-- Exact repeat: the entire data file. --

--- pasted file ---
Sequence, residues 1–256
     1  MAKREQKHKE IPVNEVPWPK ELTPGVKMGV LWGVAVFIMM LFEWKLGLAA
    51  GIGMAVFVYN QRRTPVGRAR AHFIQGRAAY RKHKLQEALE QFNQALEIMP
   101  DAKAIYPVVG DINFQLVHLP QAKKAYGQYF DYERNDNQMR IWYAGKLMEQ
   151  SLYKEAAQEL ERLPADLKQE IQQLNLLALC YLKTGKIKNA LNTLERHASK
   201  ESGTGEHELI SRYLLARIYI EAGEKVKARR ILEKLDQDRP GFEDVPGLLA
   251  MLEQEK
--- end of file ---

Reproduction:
Sequence, residues 1–256
     1  MAKREQKHKE IPVNEVPWPK ELTPGVKMGV LWGVAVFIMM LFEWKLGLAA
    51  GIGMAVFVYN QRRTPVGRAR AHFIQGRAAY RKHKLQEALE QFNQALEIMP
   101  DAKAIYPVVG DINFQLVHLP QAKKAYGQYF DYERNDNQMR IWYAGKLMEQ
   151  SLYKEAAQEL ERLPADLKQE IQQLNLLALC YLKTGKIKNA LNTLERHASK
   201  ESGTGEHELI SRYLLARIYI EAGEKVKARR ILEKLDQDRP GFEDVPGLLA
   251  MLEQEK